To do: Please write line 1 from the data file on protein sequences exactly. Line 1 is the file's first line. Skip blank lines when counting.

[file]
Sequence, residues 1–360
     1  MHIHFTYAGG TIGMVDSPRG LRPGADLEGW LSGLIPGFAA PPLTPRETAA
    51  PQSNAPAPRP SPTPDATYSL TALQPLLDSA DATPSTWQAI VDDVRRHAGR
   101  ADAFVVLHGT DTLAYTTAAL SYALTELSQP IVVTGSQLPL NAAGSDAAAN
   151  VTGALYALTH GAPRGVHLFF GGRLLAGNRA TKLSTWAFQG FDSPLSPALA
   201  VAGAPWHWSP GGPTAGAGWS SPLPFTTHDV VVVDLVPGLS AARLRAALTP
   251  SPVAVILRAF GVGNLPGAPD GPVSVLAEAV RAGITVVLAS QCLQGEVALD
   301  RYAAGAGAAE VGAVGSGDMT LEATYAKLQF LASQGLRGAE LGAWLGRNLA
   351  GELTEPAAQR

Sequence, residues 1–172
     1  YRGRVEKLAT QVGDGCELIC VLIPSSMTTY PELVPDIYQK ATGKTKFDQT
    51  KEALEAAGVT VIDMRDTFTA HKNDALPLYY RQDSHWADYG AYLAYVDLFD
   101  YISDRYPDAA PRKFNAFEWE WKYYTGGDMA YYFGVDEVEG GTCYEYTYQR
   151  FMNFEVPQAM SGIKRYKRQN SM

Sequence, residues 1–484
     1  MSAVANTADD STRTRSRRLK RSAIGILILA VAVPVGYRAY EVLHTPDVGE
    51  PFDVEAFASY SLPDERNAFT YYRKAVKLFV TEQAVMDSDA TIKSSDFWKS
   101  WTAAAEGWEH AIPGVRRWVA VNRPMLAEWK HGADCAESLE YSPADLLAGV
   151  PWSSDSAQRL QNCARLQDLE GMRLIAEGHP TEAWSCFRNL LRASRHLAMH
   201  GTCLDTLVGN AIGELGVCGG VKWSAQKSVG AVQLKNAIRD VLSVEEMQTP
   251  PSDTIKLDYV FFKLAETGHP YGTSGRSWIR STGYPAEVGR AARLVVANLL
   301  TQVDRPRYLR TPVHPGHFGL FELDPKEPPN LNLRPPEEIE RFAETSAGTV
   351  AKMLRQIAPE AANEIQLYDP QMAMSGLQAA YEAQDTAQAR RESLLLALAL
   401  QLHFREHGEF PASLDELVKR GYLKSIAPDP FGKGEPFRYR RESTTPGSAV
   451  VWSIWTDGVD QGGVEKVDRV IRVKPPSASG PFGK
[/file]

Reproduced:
Sequence, residues 1–360